When it comes to media-bias surveys, God is almost as big a story these days as the president of the United States.
It helps if researchers release their work as journalists prepare for trench warfare in an election year. God is more newsworthy when linked to life's crucial issues, which, in journalism, are always politics, sports, entertainment and then more politics.
Thus, news coverage of a study by the Pew Research Center and the Project for Excellence in Journalism immediately focused on the fact that 34 percent of national-level journalists described themselves as "liberal," 54 percent as "moderate" and 7 percent as "conservative." The majority of national journalists considered their peers too soft on President George W. Bush. In a 1995 survey, the criticism was that President Bill Clinton was being treated too harshly.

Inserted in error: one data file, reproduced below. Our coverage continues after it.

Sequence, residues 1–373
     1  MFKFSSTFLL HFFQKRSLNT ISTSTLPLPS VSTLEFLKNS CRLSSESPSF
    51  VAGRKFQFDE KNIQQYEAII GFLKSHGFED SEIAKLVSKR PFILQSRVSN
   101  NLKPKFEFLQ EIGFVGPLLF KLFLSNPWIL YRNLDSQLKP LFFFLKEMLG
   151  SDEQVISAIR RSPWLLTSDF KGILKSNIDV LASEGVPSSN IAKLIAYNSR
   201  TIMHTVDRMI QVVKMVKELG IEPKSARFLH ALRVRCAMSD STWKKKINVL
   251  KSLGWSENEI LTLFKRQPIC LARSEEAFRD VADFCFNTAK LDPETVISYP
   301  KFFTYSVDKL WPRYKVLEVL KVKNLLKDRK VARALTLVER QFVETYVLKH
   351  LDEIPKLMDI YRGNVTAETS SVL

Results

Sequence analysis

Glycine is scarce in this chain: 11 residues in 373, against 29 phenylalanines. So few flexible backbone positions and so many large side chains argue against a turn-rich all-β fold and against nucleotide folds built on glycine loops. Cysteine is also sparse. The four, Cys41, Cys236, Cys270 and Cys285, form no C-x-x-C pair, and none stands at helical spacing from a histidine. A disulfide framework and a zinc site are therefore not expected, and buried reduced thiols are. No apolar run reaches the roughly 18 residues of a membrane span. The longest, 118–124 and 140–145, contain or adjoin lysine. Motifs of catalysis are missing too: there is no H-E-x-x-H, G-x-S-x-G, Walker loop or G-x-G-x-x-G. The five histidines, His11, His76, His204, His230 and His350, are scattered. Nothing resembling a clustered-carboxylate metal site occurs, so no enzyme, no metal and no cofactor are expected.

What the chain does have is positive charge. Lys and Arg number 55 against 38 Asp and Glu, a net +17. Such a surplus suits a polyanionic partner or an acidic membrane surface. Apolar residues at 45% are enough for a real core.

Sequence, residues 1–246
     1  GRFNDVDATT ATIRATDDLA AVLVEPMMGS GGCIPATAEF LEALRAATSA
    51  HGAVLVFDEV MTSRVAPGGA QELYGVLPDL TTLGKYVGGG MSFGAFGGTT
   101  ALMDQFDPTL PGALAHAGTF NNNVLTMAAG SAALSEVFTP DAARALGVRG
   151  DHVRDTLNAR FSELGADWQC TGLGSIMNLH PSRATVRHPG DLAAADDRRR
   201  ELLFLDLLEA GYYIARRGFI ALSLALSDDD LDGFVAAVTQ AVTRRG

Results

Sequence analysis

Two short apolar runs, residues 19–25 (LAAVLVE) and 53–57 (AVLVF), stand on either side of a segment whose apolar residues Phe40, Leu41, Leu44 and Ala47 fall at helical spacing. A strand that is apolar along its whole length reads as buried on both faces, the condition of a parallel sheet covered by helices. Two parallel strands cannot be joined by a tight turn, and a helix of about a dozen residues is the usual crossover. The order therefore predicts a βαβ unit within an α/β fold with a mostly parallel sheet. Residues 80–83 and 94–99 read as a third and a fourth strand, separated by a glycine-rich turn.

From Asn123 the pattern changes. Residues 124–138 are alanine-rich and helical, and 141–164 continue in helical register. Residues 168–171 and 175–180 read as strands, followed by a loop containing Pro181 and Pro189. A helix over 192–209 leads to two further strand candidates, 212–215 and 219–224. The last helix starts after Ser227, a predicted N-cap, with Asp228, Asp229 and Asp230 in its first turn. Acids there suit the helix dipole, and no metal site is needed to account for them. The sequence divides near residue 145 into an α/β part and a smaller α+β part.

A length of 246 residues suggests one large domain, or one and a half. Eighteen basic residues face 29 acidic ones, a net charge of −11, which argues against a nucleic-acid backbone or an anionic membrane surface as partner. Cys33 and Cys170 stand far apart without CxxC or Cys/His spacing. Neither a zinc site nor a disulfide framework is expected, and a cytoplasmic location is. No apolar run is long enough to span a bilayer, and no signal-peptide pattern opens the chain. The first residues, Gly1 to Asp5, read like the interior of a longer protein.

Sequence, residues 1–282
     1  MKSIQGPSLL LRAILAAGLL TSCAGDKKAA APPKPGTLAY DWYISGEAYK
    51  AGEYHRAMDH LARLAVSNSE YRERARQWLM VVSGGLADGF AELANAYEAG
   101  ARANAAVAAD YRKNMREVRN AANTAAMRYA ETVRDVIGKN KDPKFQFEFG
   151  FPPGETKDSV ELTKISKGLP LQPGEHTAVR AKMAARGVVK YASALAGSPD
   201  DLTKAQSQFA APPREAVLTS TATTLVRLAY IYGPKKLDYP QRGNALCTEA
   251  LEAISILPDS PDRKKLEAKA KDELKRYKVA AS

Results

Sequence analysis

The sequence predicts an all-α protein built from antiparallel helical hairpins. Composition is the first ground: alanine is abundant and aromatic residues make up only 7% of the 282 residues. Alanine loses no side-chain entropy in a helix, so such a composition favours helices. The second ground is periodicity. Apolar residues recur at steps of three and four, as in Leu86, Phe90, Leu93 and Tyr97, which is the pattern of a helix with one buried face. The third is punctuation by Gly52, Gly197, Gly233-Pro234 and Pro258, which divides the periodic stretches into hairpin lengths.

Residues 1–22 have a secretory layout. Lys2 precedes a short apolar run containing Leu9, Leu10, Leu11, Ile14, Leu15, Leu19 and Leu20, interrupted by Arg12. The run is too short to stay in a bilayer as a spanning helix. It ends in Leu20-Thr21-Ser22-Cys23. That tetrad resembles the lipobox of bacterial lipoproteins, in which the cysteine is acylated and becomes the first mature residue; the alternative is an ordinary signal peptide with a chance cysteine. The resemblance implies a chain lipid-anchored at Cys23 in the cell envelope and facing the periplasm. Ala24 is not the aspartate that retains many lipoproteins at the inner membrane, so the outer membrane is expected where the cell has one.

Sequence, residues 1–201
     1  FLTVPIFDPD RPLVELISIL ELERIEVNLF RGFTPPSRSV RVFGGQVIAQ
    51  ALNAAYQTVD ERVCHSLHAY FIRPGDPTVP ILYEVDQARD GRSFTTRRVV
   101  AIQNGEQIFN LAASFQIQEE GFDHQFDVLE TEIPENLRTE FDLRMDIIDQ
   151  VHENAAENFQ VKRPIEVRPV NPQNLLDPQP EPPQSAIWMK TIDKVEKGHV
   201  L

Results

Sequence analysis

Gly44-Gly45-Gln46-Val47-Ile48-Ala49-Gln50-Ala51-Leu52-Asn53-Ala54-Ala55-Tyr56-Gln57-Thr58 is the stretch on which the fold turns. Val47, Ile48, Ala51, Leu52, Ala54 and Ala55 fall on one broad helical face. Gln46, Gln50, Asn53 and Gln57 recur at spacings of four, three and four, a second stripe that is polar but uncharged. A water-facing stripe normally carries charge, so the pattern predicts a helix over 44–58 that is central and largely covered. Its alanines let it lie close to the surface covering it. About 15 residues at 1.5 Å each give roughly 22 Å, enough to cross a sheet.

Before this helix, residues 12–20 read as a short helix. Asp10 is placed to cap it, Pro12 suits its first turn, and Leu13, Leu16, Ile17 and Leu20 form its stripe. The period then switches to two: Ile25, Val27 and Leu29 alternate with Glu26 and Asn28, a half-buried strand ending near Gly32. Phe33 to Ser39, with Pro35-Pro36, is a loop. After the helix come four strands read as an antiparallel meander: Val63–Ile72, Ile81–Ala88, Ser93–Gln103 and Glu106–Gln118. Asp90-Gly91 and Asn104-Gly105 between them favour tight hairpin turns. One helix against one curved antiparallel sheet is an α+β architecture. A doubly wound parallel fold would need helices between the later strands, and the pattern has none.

"These political questions always attract attention," said Tom Rosenstiel, director of the project. But this time around, the questions that offered the best insights into tensions between journalists and their readers were the "ones we included about religion and social issues. That may be the biggest issue of all."
Read the entire article on the Terry Mattingly website.